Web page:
Paul Normand
MCC Photo/Rachel Bergen

Paul Normand works in shipping and receiving for the Kildonan MCC Thrift Shop in Winnipeg, Manitoba. He was sorting through books to sell when he came across a Bible and important personal mementos which were donated in error.

It was an average day in September at the Kildonan MCC Thrift Shop in Winnipeg, Manitoba and Paul Normand was sorting through books to sell. 

That is, until an old box containing a black leather-covered Bible and several personal mementos originally owned by a Manitoban named Jack Baird came through the donation bay. 

A box containing a Bible and a number of important documents and photos from the 1940s was donated in error to the Kildonan MCC Thrift Shop. MCC photo/Paul Normand

Normand lifted the Bible out of the box and came across documents from the 1940s, including a marriage certificate, old photos, letters, a family tree, newspaper clippings and a record of Jack Baird’s service in the Air Force during the Second World War. To Normand, it looked as though the box was accidentally donated to the thrift shop.

Paul Normand sorts through books at the Kildonan MCC Thrift Shop.MCC photo/Rachel Bergen

Normand, who spent much of his professional life researching family trees prior to working at the thrift shop, put the box aside and in November he decided to research Jack Baird.

“I just knew it was probably donated in error. It looked like it was something that shouldn’t be here. That’s when I decided to look into trying to find the family (of the original owner),” he explains.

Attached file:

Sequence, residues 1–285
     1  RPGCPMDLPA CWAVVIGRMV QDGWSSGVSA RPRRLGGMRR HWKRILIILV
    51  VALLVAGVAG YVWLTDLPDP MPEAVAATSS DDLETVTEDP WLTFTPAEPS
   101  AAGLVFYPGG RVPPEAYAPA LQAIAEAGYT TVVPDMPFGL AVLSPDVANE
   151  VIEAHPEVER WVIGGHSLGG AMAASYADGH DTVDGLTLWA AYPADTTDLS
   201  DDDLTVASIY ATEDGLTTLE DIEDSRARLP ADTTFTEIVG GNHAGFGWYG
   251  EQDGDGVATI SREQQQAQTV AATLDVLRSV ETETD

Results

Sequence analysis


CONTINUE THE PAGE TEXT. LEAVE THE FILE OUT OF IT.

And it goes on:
Jack Baird served with the Canadian Air Force and was killed in a training exercise during the Second World War. MCC photo/Paul Normand

Normand was able to find Baird’s military record online and learn that he was killed with half a dozen other men in a training exercise. Eventually, Normand connected with distant family of Baird’s on Facebook, who got in touch with Baird’s niece. Kathryn Munro of Winnipeg came to pick up the mementos before Christmas.

According to Normand, Munro and her family were shocked to discover it had been donated.

“They were upset it (the box) made its way here, but were grateful that I noticed it looked unusual. They were really relieved to get it back,” says Normand on behalf of the family, who didn’t want to be interviewed by MCC. 

According to Robin Searle, the chief operating officer of the Kildonan MCC Thrift Shop, this extra effort speaks to the way thrift shop employees and volunteers care about the items donated. 

“It proves that as a thrift shop, we maintain these are people’s treasures that are given to us and we’re good stewards of those treasures,” she says.

Normand adds he’s happy his research paid off and that these treasured keepsakes are back in the hands of family members.

MCC Thrift Shops endeavour to process donations quickly and efficiently and cannot guarantee all items donated in error will be found or returned.

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